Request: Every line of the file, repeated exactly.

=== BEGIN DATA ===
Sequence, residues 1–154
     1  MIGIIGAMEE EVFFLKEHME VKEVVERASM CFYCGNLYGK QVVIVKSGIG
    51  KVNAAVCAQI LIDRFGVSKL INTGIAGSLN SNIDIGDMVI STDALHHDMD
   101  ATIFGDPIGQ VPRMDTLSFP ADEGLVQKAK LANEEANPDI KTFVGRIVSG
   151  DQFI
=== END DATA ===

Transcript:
Sequence, residues 1–154
     1  MIGIIGAMEE EVFFLKEHME VKEVVERASM CFYCGNLYGK QVVIVKSGIG
    51  KVNAAVCAQI LIDRFGVSKL INTGIAGSLN SNIDIGDMVI STDALHHDMD
   101  ATIFGDPIGQ VPRMDTLSFP ADEGLVQKAK LANEEANPDI KTFVGRIVSG
   151  DQFI